Web 2.0 has made the daily nuts and bolts of PR work unrecognizable from a decade ago.
Now, every public relations team needs reliable tech tools for media monitoring, instant messaging, task management and media list building, just to name a few.
PR people routinely use apps for document design like BeFunky, the industry standard software Cision, and a wire distribution platform like PR Newswire. Some in our agency swear by sanity-preserving apps that have nothing to do with daily business, like Spotify and Calm. Apps and web tools come and go like Silicon Valley startups, and the choices can feel endless.
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Here’s a must-have list:
1. Wunderlist. Wunderlist is pleasing to the eyes and more user-friendly than Outlook’s “tasks” bar. It’s synched across all devices so it’s available at all hours. Plus, it allows you to separate work lists from others like travel and chores—whatever helps the user to keep life from spinning into chaos. You can toggle seamlessly your grocery list and the Q4 campaign. Also, if you’re collaborating on a project, you can share lists using the app.
2. Mailtester. Media contact information should never be taken as gospel, given that journalists, news outlets and email addresses are constantly in flux. PR pros can verify a reporter’s email address quickly by typing it into the single bar on www.mailtester.com. If the contact is elusive but you know the domain, you can test address combinations. Most domains allow access for this type of testing, although a few do not. Mailtester or a similar app such as EmailHunter, can be a lifesaver for PR people.
3. Techmeme. This is a favorite news aggregator website for tech PR people. A quick glance at Techmeme.com or its e-newsletter brings you up to speed on trending conversations from outlets including The Verge, ArsTechnica and Financial Times, as well as upcoming tech conferences and events. It’s a great place to get a real-time summary of what’s trending across the tech blogs. As a bonus, Techmeme launched a podcast this year, hoping to duplicate the roaring success of The New York Times Daily, a top podcast since 2017.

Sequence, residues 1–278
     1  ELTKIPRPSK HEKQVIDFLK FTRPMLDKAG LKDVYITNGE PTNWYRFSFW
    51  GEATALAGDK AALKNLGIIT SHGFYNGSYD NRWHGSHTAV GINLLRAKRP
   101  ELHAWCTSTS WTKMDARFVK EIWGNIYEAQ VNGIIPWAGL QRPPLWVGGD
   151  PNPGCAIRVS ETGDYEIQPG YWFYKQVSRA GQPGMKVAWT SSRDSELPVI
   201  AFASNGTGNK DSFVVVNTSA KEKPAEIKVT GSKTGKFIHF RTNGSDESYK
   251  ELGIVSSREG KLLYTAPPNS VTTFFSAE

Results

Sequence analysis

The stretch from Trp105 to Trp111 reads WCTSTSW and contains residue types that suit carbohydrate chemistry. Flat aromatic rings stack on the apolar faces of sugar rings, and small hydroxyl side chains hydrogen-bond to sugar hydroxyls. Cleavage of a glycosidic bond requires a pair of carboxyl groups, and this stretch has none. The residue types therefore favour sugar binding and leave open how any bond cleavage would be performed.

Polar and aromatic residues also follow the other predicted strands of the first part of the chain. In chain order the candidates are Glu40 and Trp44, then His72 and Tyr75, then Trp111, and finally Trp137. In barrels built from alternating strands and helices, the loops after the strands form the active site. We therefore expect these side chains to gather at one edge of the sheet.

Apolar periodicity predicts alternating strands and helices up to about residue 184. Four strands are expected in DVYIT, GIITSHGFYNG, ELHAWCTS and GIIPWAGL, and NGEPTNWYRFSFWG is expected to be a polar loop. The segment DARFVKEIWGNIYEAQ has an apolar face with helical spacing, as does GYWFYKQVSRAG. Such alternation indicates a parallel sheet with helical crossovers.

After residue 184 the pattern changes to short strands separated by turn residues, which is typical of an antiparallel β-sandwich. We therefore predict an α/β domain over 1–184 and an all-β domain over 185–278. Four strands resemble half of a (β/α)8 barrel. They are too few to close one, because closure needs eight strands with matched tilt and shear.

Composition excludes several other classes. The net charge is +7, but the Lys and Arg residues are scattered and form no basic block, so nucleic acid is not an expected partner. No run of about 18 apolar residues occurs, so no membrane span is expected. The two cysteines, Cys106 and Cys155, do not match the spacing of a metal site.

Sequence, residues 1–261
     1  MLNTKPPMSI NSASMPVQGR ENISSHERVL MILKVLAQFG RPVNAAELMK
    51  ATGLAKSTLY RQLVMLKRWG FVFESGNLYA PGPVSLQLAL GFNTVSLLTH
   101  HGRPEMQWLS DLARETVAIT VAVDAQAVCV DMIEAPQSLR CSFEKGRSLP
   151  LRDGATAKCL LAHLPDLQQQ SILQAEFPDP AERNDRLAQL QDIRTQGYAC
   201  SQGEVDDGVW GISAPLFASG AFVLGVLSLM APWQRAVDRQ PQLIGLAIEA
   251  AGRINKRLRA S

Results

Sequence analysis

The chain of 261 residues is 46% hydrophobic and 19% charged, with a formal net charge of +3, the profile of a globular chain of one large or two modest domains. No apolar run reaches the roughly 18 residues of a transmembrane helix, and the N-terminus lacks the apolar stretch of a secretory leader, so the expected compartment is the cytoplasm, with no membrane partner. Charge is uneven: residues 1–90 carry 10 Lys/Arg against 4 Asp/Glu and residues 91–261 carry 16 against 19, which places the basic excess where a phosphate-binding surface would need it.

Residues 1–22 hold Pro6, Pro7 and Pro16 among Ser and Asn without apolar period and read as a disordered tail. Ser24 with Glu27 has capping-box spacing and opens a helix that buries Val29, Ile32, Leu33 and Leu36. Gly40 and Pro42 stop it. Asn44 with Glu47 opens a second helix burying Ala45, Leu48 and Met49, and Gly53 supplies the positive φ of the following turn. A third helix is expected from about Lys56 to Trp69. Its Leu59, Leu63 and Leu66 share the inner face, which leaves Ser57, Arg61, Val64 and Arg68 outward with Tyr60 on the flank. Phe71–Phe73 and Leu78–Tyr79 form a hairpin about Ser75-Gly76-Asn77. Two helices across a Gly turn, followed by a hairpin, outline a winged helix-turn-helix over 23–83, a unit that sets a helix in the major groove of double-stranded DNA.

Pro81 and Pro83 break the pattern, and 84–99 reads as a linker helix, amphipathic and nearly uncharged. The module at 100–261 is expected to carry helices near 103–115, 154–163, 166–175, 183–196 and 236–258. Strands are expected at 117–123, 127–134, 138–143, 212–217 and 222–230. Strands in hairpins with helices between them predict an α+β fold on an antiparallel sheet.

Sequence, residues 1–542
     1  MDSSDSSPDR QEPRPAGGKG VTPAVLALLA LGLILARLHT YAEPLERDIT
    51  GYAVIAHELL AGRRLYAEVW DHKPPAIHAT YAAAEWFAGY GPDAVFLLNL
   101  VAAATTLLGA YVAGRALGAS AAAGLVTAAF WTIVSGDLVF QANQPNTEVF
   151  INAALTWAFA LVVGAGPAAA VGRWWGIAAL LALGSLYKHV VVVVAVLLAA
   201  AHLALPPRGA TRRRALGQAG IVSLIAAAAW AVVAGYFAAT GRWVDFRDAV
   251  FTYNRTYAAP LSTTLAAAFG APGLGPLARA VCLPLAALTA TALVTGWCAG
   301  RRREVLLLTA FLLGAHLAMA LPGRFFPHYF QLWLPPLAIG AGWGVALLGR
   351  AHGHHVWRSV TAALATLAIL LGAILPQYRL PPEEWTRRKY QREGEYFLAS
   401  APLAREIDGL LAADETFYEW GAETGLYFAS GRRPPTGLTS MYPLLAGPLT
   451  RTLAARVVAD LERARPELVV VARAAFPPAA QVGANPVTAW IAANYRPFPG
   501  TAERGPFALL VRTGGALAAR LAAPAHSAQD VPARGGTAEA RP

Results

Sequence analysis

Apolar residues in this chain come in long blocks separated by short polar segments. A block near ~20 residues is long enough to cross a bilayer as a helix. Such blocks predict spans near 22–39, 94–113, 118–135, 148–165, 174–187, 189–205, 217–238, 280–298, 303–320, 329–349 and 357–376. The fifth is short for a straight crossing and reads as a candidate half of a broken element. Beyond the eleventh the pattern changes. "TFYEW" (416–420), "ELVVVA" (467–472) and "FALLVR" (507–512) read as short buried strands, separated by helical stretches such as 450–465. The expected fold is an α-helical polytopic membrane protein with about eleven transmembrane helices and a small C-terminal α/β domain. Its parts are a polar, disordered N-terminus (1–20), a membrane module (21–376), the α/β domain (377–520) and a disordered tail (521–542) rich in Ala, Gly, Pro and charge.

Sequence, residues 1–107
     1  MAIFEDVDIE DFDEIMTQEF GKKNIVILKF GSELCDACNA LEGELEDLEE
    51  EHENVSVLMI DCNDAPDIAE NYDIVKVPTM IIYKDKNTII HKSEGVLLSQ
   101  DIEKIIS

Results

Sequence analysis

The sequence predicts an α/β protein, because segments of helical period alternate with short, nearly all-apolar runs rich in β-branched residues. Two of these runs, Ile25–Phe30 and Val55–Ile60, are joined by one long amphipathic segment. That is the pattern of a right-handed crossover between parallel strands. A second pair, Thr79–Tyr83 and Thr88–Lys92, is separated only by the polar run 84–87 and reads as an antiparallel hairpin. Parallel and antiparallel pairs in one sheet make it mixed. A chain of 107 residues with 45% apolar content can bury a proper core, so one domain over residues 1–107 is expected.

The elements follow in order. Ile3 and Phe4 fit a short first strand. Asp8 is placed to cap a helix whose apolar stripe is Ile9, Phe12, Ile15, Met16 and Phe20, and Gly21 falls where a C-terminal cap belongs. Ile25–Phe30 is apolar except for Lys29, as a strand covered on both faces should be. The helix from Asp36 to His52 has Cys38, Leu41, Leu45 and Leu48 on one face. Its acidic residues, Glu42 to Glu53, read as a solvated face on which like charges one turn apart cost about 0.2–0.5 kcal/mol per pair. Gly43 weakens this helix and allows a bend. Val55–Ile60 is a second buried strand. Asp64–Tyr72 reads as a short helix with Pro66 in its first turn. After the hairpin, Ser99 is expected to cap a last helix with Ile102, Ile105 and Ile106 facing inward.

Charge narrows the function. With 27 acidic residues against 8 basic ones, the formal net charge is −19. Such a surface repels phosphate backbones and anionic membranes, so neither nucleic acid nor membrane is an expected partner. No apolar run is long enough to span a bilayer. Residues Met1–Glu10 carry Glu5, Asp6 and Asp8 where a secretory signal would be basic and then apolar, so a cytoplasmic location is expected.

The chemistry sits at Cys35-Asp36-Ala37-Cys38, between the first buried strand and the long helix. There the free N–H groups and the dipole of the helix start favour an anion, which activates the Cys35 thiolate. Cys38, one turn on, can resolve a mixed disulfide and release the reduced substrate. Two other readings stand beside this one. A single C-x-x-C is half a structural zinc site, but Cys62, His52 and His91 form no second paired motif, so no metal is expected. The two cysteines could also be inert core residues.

4. BuzzSumo. This remains a go-to tool to help PR pros keep track of who’s writing about what topics, along with the resulting engagement from each placement. This tool helps PR pros sniff out gaps in the conversation and find the right story angle to pitch. BuzzSumo pro plans allow one to identify influencers’ shared content, find backlink opportunities, and monitor brands and competitors’ content. A quick search returns a list of influencers on any given topic, along with several telling statistics, including domain authority and share percentage. Cost ranges from $79 to $499 per month.
5. Slack. While heavy hitters like Microsoft (Yammer) are racing to develop applications to compete with Slack, and competitors like BaseCamp and Trello offer solid alternatives, we see Slack as the best option for our internal collaboration. We have separate channels for each client, and we can swiftly share links, images and documents. Though Slack hasn’t yet unclogged email inboxes, it helps us make things happen faster.
6. UberConference. Remote voice and video communication are crucial to PR work, from client meetings to media interviews. Every PR agency needs a versatile solution for meetings. UberConference allows for easy connections without pin codes and app downloads, and it can be integrated with tools like Slack and LinkedIn. With the UberConference Business upgrade ($15 per month), participants from 50 countries can call in. Further, the cloud software enables meeting participants to collaborate on documents during the call.
7. Suvata. We encourage clients to tell data-driven stories that are media-worthy and verifiable. Survata is an affordable market research company that advises on and executes surveys using its network of publishers and partnerships with research panels. A smaller business can conduct market research with unlimited survey questions at a reasonable cost. We’ve found it a useful resource among the many options for customer surveys and news-making B2B opinion research.
A version of this post first appeared on the Crenshaw Communications PR Fish Bowl blog.